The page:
Finra Report Cards Meant to Cut Broker Fraud
The success of Finra’s use of report cards given out to brokers to cut down on trading fraud means the regulator will expand their use to other areas of surveillance, the Wall Street Journal writes.
Since Finra started issuing the report cards on potentially misleading trades last year, it saw a 68% drop in the number of alerts for “layering,” which pushes stock prices in favor of a trader through fake buy or sell orders, the paper writes. Finra plans to start using report cards in other areas by the end of the year, Robert Cook, Finra’s chief executive, tells the Journal.
The regulator is also drafting a report on common problem areas it’s picked up through its examination programs, ThinkAdvisor writes. Finra has noticed issues in volatility ETFs and security-based letters of credit, Susan Axelrod, executive vice president of regulatory operations, said at Finra’s annual conference this week, according to the publication. The regulator issues individual reports to member firms after an examination, but a new report will present its findings more broadly to help member firms “address any potential deficiencies” prior to their own exams, Cook said later at the same conference.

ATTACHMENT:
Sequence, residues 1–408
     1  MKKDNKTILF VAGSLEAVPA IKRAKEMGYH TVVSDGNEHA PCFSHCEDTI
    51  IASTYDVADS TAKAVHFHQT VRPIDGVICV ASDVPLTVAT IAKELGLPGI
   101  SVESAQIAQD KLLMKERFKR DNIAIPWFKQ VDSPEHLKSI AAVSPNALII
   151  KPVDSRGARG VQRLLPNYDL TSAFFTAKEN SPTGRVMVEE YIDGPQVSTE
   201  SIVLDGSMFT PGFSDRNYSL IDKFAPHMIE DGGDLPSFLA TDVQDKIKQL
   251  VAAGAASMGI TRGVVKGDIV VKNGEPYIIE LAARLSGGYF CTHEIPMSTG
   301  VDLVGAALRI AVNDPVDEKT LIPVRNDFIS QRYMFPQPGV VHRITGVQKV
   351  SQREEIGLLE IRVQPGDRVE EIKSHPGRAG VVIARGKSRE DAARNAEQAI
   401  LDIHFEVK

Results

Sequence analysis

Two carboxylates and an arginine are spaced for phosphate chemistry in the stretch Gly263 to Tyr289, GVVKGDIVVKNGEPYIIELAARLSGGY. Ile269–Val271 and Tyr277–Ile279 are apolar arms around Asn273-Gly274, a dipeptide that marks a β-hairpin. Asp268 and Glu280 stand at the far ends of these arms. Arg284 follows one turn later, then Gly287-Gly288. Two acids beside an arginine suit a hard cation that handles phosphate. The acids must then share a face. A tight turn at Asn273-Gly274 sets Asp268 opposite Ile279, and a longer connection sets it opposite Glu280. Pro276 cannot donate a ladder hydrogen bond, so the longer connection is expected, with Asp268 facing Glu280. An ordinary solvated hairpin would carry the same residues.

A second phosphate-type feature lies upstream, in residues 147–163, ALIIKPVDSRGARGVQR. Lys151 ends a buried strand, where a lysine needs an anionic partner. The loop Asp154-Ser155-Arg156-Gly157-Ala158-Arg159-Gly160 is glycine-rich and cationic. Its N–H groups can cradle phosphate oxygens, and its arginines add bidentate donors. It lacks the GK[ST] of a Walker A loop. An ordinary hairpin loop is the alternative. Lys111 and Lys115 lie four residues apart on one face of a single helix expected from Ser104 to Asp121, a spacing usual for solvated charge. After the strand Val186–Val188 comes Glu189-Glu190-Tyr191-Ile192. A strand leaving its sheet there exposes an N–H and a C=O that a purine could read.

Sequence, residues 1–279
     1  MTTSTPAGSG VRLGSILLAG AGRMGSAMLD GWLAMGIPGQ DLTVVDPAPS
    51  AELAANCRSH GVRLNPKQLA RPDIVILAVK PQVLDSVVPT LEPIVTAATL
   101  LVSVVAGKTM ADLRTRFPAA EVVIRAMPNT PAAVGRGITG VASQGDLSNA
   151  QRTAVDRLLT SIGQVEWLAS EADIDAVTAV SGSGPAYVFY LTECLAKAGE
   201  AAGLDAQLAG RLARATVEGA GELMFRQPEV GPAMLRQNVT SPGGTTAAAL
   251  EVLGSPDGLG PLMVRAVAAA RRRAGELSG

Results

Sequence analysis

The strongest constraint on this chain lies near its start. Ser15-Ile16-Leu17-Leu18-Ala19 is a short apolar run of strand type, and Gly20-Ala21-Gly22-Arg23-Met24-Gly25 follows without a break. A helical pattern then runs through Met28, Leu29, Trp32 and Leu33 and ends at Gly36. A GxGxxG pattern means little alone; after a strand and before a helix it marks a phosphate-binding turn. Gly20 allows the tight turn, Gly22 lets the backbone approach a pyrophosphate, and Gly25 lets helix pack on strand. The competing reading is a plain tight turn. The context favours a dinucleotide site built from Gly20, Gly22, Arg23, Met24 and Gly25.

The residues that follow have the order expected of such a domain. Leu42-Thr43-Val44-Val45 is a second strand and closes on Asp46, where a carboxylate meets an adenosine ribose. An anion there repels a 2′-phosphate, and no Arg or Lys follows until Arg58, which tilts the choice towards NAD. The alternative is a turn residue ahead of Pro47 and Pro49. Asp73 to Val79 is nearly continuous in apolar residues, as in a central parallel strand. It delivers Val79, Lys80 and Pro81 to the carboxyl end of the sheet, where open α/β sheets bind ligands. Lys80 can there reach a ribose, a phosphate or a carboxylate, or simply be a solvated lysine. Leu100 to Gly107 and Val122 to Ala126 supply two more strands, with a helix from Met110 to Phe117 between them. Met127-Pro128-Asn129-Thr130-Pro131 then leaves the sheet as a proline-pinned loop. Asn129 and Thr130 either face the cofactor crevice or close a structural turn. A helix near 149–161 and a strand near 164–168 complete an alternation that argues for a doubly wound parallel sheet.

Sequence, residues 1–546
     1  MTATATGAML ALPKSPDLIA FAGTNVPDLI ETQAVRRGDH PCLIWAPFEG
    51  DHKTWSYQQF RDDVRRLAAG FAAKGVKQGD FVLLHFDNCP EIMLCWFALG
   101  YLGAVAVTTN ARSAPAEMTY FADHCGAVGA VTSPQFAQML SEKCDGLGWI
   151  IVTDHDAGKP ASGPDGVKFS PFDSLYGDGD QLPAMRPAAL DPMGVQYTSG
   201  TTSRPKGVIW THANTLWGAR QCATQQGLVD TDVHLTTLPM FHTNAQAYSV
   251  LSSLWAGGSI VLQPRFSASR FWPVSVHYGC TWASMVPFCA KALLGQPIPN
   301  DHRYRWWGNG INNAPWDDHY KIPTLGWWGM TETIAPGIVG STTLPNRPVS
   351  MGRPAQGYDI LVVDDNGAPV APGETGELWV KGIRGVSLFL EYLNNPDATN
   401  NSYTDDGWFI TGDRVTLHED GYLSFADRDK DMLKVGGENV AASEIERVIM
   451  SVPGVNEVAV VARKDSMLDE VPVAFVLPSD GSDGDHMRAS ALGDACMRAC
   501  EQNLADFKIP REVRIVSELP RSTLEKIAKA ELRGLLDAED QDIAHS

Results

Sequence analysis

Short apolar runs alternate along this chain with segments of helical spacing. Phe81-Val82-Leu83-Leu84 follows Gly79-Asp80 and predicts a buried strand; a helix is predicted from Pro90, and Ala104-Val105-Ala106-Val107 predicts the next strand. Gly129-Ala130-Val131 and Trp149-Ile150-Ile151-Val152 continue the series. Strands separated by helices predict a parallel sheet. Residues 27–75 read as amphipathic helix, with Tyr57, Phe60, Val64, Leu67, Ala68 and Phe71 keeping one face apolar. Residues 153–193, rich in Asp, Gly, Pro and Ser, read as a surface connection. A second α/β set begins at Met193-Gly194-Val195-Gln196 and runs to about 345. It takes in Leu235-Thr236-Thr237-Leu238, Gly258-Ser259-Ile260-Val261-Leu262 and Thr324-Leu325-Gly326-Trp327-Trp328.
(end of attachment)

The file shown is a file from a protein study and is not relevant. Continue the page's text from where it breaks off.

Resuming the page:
Finra has been evaluating its current programs since August. Earlier this month, the regulator requested comment from its members on rules governing outside business activities and private securities trading.